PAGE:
Let’s start by being honest the quality of guest teachers is degraded over the last 20 years. Schools used to be able to get educators to be guest teachers while they were looking for a teaching job. These were certified teachers that we hoping to gain employment with the district. Now districts are luck to have warm adult bodies that are available to take attendance and pass out papers.

Today I saw this take on twitter

Not only unpopular but a bad take. This type of thinking is what is leading to educators leaving the profession. First, it takes time to create sub plans and bring class back up to speed after a sub has been in a classroom. Taking a day off as a teacher isn’t a vacation. So if a teacher needs a day off there is a good reason. Second, if districts want teachers to stay in the profession they need to provide the flexiblity that other professions have. Currently it is difficult for educators to get more than 3 minutes to go to the bathroom during the day due to all the responsiblities. Third, mental heath days aren’t just relaxing, these are days to make sure a persons head is right to do the job. Do we really want teachers walking to classrooms without being in the right mental state?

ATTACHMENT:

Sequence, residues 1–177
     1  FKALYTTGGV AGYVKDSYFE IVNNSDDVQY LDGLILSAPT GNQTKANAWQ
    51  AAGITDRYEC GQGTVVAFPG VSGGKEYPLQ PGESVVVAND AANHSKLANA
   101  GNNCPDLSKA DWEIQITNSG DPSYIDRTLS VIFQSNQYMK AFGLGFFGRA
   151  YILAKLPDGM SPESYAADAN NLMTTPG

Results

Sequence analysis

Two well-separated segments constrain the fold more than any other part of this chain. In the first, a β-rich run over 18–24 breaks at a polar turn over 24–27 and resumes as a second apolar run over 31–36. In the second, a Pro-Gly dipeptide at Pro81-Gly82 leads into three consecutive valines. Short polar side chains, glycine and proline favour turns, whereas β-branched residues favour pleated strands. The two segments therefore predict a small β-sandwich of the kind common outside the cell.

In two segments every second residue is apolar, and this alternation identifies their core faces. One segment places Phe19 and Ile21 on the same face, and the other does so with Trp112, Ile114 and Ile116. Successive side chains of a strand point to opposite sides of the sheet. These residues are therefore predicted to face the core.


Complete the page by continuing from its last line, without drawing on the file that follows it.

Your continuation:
So what is the solution?

Schools need to adjust to the times. Instead of one guest teacher be absent teacher, what if schools had a designated area (media center/computer lab) where students could go when staff is absent to work on the classwork independently. Schools then could have a few personal in this area to monitor students while students work on class work. Sure this might not be best in elementary where students need more adult attention but this should work at middle school and high school. Another option would be to notifiy parents that their child’s teacher is out for the day and give them the option to keep their kids home to work on school work. I am sure their are other methods to solve this problem with out over taxing educators who aren’t in need of taking the day off. Schools need to start thinking outside of the box instead of gaslighting those who are remaining in the profession but just need a day off.